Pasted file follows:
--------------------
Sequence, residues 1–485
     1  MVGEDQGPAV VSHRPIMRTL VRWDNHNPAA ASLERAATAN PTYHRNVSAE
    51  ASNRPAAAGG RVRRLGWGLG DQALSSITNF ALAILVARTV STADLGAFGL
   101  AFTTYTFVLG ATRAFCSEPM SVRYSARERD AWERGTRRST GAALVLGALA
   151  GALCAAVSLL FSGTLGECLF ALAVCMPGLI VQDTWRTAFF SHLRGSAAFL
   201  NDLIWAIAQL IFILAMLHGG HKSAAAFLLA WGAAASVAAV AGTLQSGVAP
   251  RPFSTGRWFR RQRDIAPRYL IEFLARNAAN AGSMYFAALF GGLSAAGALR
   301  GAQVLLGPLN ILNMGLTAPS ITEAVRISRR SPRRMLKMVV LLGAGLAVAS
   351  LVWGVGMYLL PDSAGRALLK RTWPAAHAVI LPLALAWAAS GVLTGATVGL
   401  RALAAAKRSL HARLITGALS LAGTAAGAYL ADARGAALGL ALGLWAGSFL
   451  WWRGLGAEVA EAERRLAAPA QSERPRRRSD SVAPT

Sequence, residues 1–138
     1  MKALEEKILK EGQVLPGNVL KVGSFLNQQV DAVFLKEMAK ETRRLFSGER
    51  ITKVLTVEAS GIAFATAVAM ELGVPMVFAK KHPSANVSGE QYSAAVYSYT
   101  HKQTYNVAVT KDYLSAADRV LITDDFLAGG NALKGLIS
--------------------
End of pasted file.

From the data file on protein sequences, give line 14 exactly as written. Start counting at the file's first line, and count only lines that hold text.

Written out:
    51  ITKVLTVEAS GIAFATAVAM ELGVPMVFAK KHPSANVSGE QYSAAVYSYT